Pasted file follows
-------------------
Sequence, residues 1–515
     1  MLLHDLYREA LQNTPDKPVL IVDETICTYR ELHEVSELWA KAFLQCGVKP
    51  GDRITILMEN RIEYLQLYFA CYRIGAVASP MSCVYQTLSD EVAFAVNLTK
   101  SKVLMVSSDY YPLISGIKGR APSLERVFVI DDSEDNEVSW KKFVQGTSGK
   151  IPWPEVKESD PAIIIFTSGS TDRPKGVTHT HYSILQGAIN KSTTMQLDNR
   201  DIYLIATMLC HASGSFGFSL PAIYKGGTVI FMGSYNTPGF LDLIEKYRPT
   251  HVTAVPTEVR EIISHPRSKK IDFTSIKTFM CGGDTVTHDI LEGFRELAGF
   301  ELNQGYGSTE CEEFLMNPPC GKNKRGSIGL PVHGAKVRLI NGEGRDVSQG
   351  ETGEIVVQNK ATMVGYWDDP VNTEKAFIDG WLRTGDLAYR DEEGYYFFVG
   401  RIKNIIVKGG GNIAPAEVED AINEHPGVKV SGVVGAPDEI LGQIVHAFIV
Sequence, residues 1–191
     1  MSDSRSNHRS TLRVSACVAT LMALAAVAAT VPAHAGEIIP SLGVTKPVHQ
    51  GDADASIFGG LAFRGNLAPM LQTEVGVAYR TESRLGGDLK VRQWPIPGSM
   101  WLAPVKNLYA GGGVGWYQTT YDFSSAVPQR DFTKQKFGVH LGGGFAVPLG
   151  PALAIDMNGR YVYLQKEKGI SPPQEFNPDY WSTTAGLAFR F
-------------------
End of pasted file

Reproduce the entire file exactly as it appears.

Sequence, residues 1–515
     1  MLLHDLYREA LQNTPDKPVL IVDETICTYR ELHEVSELWA KAFLQCGVKP
    51  GDRITILMEN RIEYLQLYFA CYRIGAVASP MSCVYQTLSD EVAFAVNLTK
   101  SKVLMVSSDY YPLISGIKGR APSLERVFVI DDSEDNEVSW KKFVQGTSGK
   151  IPWPEVKESD PAIIIFTSGS TDRPKGVTHT HYSILQGAIN KSTTMQLDNR
   201  DIYLIATMLC HASGSFGFSL PAIYKGGTVI FMGSYNTPGF LDLIEKYRPT
   251  HVTAVPTEVR EIISHPRSKK IDFTSIKTFM CGGDTVTHDI LEGFRELAGF
   301  ELNQGYGSTE CEEFLMNPPC GKNKRGSIGL PVHGAKVRLI NGEGRDVSQG
   351  ETGEIVVQNK ATMVGYWDDP VNTEKAFIDG WLRTGDLAYR DEEGYYFFVG
   401  RIKNIIVKGG GNIAPAEVED AINEHPGVKV SGVVGAPDEI LGQIVHAFIV
Sequence, residues 1–191
     1  MSDSRSNHRS TLRVSACVAT LMALAAVAAT VPAHAGEIIP SLGVTKPVHQ
    51  GDADASIFGG LAFRGNLAPM LQTEVGVAYR TESRLGGDLK VRQWPIPGSM
   101  WLAPVKNLYA GGGVGWYQTT YDFSSAVPQR DFTKQKFGVH LGGGFAVPLG
   151  PALAIDMNGR YVYLQKEKGI SPPQEFNPDY WSTTAGLAFR F